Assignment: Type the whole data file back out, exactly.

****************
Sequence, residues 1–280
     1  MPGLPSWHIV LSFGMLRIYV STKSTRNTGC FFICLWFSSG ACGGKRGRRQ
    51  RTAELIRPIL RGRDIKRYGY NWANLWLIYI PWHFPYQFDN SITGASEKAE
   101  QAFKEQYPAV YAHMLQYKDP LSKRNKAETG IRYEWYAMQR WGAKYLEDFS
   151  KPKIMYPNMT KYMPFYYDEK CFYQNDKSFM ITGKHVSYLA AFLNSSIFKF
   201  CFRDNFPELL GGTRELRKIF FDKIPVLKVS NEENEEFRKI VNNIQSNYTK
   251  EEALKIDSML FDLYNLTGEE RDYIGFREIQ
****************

Sequence, residues 1–280
     1  MPGLPSWHIV LSFGMLRIYV STKSTRNTGC FFICLWFSSG ACGGKRGRRQ
    51  RTAELIRPIL RGRDIKRYGY NWANLWLIYI PWHFPYQFDN SITGASEKAE
   101  QAFKEQYPAV YAHMLQYKDP LSKRNKAETG IRYEWYAMQR WGAKYLEDFS
   151  KPKIMYPNMT KYMPFYYDEK CFYQNDKSFM ITGKHVSYLA AFLNSSIFKF
   201  CFRDNFPELL GGTRELRKIF FDKIPVLKVS NEENEEFRKI VNNIQSNYTK
   251  EEALKIDSML FDLYNLTGEE RDYIGFREIQ